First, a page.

All posts by Callon Campbell [MVP]


UofTHacks VI Recap


This past weekend I got the opportunity and had the pleasure of participating in my first hackathon at the UofTHacks VI, which was at the University of Toronto campus from January 18th to the 20th at the Bahen Centre for Information Technology. The event consisted of over 500 hackers, and spanned 36 hours, and would ultimately prize 3 winners.


An event, typically lasting several days, in which a large number of people meet to engage in collaborative computer programming. We look past this traditional definition of a hackathon and take it to new heights. UofTHacks is the University of Toronto’s annual hackathon. At UofTHacks, we bring people together to make new friends, learn new things, and bring new ideas to life.

I was participating as a Microsoft sponsor. This meant I was available to help mentor the students who had questions on Microsoft Azure or anything for that matter, and provide them with an insider perspective of how things work in the industry. I also then got to be a judge for the Microsoft prize which was based on projects that leverage Microsoft Azure services.

It was a lot of fun to work with these students as they had such drive and passion for what they worked on. The judging aspect was probably the best part as I got to take a look at over a dozen projects and see what they built, why they built it, how they built and then where would they take it next. Almost all the projects had real world applications and some even created business plans as part of their sales pitch.

Some of the big sponsors at the event were Microsoft, Google, IBM, Interact, Intel, Standard Library, ChainSafe, Lyft and SmartCar, plus many others.

As for the Microsoft prize, it was 4 Xbox One X 1TB consoles. This was presented to team Blink who created an application that would sit in your car and monitor the drivers eyes for signs of fatigue, drowsiness, or any other impairment. They leveraged the Microsoft Custom Vision Service and built their own data model that consisted over 250 images they gathered from the event of peoples eyes. They eyes were that of different ages, different skin colors, with and without glasses. They also retrained this model a number of times over the course of the 36 hour event, including the morning of judging session when the room had different lighting conditions. Their was a mobile and server components of the app that would send out SMS alerts to the registered emergency contact in the event impairment was detected and also alert emergency services. It was a well put together hack that had a clear application for issues we encounter today.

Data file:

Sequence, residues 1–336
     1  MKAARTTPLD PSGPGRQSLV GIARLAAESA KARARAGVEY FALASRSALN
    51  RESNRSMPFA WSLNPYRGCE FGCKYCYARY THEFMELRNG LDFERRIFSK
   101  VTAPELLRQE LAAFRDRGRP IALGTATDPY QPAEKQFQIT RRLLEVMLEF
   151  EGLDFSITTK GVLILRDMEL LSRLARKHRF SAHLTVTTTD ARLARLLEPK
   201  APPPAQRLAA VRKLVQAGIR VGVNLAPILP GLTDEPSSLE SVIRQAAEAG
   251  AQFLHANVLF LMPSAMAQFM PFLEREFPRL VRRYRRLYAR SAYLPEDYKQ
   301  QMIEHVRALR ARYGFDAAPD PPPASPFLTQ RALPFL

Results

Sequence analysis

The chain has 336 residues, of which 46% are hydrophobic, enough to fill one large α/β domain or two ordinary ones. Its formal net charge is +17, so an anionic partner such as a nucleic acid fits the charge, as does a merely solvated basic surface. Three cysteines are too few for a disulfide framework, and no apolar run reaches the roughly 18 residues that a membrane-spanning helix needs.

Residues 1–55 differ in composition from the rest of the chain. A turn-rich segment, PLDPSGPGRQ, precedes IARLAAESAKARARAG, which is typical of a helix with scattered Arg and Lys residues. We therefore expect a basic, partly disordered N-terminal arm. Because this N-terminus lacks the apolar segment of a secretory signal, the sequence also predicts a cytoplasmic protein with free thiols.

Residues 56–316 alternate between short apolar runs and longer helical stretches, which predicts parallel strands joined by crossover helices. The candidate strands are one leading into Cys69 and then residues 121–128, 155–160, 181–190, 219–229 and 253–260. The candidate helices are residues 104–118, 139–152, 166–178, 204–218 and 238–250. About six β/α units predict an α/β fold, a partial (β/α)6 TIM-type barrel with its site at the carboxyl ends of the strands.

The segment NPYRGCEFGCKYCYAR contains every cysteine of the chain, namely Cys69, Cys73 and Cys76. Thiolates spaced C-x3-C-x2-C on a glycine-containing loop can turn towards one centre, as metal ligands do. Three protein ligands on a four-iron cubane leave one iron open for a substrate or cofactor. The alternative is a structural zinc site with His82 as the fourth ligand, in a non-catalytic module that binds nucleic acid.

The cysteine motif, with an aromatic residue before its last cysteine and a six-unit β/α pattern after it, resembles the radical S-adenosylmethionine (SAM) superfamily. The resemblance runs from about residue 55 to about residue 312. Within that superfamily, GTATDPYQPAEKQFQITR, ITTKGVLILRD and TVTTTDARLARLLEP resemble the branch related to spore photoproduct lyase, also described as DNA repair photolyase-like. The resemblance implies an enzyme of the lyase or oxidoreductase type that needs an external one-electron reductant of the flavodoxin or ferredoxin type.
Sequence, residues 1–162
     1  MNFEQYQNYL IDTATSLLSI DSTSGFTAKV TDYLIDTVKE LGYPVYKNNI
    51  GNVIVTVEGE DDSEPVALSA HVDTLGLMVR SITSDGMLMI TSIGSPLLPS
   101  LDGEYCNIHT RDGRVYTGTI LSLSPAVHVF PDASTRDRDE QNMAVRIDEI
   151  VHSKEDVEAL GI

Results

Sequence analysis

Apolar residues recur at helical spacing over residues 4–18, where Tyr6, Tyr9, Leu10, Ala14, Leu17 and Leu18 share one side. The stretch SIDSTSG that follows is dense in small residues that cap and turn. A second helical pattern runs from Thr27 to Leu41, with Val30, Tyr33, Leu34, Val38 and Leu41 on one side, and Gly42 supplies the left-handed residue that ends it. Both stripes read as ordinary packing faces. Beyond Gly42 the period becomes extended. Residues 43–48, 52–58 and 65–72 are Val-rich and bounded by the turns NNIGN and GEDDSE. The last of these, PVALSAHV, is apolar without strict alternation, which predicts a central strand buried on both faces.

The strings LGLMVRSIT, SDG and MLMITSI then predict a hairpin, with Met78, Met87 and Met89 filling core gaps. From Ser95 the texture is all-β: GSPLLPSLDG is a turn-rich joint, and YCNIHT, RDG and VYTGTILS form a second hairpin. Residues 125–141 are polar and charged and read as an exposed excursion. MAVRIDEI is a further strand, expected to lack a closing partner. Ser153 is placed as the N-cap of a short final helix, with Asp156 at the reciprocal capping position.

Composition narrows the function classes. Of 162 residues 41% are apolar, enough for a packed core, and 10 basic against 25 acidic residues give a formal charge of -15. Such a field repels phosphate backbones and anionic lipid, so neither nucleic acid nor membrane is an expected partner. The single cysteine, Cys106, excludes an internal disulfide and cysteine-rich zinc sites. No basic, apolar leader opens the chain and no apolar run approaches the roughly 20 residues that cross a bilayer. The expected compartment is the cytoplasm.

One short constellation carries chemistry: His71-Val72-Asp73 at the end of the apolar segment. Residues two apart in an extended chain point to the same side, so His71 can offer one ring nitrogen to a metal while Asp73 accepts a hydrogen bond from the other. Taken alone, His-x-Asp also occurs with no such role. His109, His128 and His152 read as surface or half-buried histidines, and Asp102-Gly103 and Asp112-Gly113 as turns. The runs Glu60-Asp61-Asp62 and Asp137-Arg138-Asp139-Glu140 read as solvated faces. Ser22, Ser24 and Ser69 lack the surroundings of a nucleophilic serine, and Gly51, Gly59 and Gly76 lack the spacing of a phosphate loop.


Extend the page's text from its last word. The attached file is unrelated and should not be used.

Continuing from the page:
Here are some pictures of the event


This might of been my first hackathon but it definitely won’t be my last. I will keep an eye out for something more suited for the working developer that is maybe limited to a day, otherwise I hope to come back next year and help these students out and see what they create.



Team Blink – A machine learning eye detection app which determines if the driver of a smartcar is impaired & alerts 1st responders

Personal Development

2018 Year in Review


Happy New Year everyone! To kick off the new year I’d like share with you what happened in 2018, what it meant to me, and where I plan on going in 2019.

I started 2018 off on the home stretch towards my first Microsoft MVP Award for the Azure award category. I was getting close and my mentor Sim said I needed to get out into the community and do more speaking engagements in. In 2017 I started to speak at local user groups when I started on my Microsoft MVP journey. So in 2018 I needed to go all in with lining up more speaking engagements, and in total for the year I managed to do 13 technical talks that covered all things Azure, Azure DevOps, Serverless, Azure Functions, Logic Apps, Event Grid messaging and finally a little AI with Microsoft Cognitive Services. I also participated at not one but two Global Azure Bootcamps (Mississauga and Kitchener/Waterloo). I won’t lie, it was tiring sometimes and in one month I squeezed in 3 talks. However it was a lot of fun to work on this part of my professional development, and I made a lot of new friends and expanded my professional network and I learned a lot!